Resources sector boosts federal budget spending spree

mining cash

The Australian Government’s 2021-22 Budget has been fuelled by stronger commodity prices, which have enabled increased investment in the sector.

Budget documents have pointed to recent strength in commodity prices, especially iron ore, as important factors in the country’s improved terms of trade and growing GDP (gross domestic product into the next few years.

Chamber of Minerals and Energy (CME) of Western Australia chief executive Paul Everingham said the strength of commodity prices and the overall sector can be thanked for the country’s strong economic position on a global scale.

“I continue to be very proud of the way our sector has been able to keep operating safely and effectively through COVID-19 and the positive impact this has had on both the WA and Australian economies,” Everingham said.

“Federally, corporate taxes paid by CME member companies and the flow-on of some of the royalties paid to the WA government have helped fund vital support mechanisms such as JobKeeper and JobSeeker, and made a significant contribution to the country’s comparatively healthy economic position and outlook.”

The mining industry exceeded government expectations in its tax receipts, accounting for 30 per cent of company tax collections, which is forecast to reach $100.5 billion by 2024-25.

Deloitte Access Economics stated that the industry paid $39.9 billion in company tax and royalties in 2019-20, and $238.8 billion in the 10 years to 2019-20.

On top of this contribution, the resources sector represented a majority of the nation’s exports, said Deputy Prime Minister Michael McCormack in his budget overview statement.

“Australia’s resources sector continues to generate wealth for all Australians. Comprising over half of Australia’s total exports, the (Department of Industry, Science, Energy and Resources) works to ensure that Australia’s resources sector can operate in attractive, predictable, and efficient business conditions,” McCormack said.

With such wealth coming thanks to the resources sector, the government has announced a major bankroll of investments back into the sector.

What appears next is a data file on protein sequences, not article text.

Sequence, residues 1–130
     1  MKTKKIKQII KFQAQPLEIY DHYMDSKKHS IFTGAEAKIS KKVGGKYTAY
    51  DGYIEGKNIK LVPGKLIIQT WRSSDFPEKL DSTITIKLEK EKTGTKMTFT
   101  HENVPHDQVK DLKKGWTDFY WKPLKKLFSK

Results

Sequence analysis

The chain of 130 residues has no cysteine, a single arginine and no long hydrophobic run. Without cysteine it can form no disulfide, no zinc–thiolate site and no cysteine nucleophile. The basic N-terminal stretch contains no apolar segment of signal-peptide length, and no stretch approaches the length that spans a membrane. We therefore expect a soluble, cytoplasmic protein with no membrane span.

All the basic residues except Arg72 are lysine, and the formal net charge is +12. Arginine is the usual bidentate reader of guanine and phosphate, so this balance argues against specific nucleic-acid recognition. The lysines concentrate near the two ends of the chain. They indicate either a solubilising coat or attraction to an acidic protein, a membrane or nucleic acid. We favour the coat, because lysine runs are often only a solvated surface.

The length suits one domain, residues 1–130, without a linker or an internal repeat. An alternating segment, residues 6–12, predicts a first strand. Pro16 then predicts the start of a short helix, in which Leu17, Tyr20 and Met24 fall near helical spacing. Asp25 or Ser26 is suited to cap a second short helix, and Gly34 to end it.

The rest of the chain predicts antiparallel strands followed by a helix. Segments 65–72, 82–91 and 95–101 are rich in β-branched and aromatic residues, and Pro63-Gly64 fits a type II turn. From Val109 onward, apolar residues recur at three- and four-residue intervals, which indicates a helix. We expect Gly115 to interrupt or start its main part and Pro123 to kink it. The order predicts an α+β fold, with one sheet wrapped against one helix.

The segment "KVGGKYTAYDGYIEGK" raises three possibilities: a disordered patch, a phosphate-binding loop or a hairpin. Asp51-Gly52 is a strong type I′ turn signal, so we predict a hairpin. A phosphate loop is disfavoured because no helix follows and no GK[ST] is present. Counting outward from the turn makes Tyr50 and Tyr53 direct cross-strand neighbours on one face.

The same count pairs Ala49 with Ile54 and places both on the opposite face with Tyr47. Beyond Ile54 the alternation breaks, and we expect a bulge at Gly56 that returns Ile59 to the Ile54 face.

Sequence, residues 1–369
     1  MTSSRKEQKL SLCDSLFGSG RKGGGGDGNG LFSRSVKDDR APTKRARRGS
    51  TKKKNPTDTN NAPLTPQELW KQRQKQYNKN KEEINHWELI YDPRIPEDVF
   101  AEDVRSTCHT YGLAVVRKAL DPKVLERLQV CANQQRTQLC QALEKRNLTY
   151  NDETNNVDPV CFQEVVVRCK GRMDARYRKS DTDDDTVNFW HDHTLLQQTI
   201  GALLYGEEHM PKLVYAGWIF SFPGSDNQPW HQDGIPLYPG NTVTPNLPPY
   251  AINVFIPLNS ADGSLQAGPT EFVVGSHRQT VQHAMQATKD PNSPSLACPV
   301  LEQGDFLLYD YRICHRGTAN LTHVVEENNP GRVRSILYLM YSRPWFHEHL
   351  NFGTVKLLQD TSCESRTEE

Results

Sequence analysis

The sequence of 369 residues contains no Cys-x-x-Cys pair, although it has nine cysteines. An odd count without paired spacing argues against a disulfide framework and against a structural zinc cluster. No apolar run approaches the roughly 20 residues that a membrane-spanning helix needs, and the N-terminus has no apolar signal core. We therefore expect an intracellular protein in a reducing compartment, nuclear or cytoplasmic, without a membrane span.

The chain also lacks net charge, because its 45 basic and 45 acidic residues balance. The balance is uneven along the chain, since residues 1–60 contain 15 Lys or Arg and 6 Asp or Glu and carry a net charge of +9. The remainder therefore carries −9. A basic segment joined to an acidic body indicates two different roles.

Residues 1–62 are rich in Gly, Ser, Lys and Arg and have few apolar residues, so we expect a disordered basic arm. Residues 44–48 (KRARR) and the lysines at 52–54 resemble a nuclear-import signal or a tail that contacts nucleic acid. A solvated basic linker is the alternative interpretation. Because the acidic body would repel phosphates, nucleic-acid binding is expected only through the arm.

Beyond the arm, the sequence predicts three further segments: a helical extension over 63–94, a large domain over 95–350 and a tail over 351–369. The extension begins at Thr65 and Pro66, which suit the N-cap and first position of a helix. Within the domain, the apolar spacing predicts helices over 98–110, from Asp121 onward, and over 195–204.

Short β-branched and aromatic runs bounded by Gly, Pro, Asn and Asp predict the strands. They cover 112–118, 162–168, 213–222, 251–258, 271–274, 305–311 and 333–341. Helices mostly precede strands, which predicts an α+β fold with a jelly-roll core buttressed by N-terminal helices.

This includes Geoscience Australia’s $225 million Exploring for the Future program, providing the pre-competitive information for the next major mineral discoveries in Australia and bringing total investment in the program to $225 million

The Queensland Resources Council chief executive Ian Macfarlane said the budget had done a good job in supporting the most important parts of the resources sector.

“The resources sector is the nation’s economic engine room and, as this budget demonstrates, has kept producing, earning and employing throughout the COVID-19 pandemic which has benefited all Australians,” Mcfarlane said.

“While we’re fortunate global demand for commodities such as coal and gas is increasing, we’re also at a critical time in Australia’s history where emissions targets need to be met, so we welcome the pragmatic initiatives in this budget to help make this transition possible.”

Asia Pacific at Project Management Institute Ben Breen said that mining industry investments were vitally important to the development of Australia, or any country for that matter.

“What pleases me most is the government’s investment in non‑university higher education providers with the aim of adding an additional 5,000 Commonwealth supported short course places this year. The future of Australia relies on upskilling today’s youth for the range of jobs that they will undertake in the future,”  Breen said.

Minerals Council of Australia chief executive officer Tania Constable said the investment in deserving Australians to thrive in a post-COVID-19 economy was admirable in the latest budget.

“Increased government support for apprentices, mental health, Indigenous girls academies, STEM scholarships for women, more affordable childcare and women’s safety will enhance and complement the mining industry’s efforts to secure a skilled and diverse workforce, as well as inclusive and respectful workplaces,” she said.

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